It is indicated in Figure 7 that the filtering precision of the updated Sage–Husa adaptive Kalman filter is higher than that of conventional Kalman filter. This is because when the filtering process is abnormal, R k is not adaptive to the current filtering. Thus, R k is estimated by using Equation (23) in order to adapt it to the current filtering process. The influence of abnormal observations on the positioning accuracy of the system can be restrained by the updated Sage–Husa adaptive Kalman filter. Accordingly, the accuracy and stability of the filter can be improved effectively.
To sum up, the self-developed SIM has good navigation performance, and the updated Sage–Husa adaptive Kalman filter can be applied in the navigation of the SIM. The average deviation, maximum deviation and deviation variance of position for the SIM, which are obtained before and after the filtering process through the updated Sage–Husa adaptive Kalman filter, are shown in Table 2.
It is indicated in Table 2 that the average deviation, maximum deviation and deviation variance become smaller after filtering through the updated Sage–Husa adaptive Kalman filter, which means the positioning accuracy of the system is improved. After using the updated Sage–Husa adaptive Kalman filter, the maximum deviation between the SIM and the predetermined path is 0.18 m, and the average deviation is 0.08 m; these deviations are within a reasonable range. This proves that the updated Sage–Husa adaptive Kalman filter is applicable for the navigation of sprinkler irrigation machines.

6. Conclusions

The focus of this paper is to develop a translational sprinkler irrigation machine and apply the updated Sage–Husa adaptive Kalman filter to the navigation of the SIM. The following conclusions can be drawn.
  • On the platform of the self-developed translational sprinkler irrigation machine, the kinematic model for the SIM is established.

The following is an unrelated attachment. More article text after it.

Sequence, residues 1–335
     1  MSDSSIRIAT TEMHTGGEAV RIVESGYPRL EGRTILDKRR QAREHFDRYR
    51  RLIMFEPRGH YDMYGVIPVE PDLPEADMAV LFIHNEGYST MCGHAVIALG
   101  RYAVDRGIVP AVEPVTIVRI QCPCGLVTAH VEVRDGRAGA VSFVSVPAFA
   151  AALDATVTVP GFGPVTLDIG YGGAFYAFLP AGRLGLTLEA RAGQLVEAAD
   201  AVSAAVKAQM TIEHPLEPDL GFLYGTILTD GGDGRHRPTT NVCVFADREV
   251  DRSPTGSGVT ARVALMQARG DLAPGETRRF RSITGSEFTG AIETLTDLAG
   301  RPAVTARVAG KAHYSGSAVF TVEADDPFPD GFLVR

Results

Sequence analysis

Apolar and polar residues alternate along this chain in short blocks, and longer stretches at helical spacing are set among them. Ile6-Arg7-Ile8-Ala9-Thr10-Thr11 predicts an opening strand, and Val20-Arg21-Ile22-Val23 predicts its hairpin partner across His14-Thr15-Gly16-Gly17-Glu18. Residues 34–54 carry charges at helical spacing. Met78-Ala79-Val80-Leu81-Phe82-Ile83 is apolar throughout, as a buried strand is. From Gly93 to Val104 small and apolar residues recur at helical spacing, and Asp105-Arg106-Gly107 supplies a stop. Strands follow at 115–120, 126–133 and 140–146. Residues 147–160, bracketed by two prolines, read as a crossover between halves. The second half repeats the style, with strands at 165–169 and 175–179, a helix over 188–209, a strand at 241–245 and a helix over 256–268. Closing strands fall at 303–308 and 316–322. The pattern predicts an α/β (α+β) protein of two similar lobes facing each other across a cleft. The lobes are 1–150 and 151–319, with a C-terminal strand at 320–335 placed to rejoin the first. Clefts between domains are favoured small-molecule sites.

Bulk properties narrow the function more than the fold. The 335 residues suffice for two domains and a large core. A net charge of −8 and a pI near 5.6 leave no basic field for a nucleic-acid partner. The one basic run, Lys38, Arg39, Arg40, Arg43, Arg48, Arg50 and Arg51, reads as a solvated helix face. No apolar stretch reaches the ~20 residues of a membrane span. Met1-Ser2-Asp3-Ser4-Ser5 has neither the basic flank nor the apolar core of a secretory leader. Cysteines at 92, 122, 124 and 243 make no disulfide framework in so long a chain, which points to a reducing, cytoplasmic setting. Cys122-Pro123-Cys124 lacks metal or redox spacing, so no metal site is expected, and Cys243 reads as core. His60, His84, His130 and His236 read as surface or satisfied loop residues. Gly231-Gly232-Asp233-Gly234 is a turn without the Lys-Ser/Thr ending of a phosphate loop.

• The updated Sage–Husa adaptive Kalman filter is applied to the navigation of the SIM. Experiment verifications were carried out, and the results show that the self-developed SIM has good navigation performance. Besides this, the influence of abnormal observations on the positioning accuracy of the system can be restrained by using the updated Sage–Husa adaptive Kalman filter.
  • The maximum deviation between the sprinkler irrigation machine and the predetermined path is 0.18 m and the average deviation is 0.08 m after using the updated filtering algorithm; the deviations are within a reasonable range. This indicates that the updated Sage–Husa adaptive Kalman filter is suitable for sprinkler irrigation machine signal processing.

Author Contributions

Data curation, K.L.; Funding acquisition, B.S.; Project administration, W.Z. and P.W.; Writing—original draft, D.Z.; Writing—review & editing, P.Z.

Funding

This research was funded by the Special Fund for Talents of Gansu Agricultural University, grant number 2017RCZX-21 and the National Natural Science Foundation of China, grant number 61862002.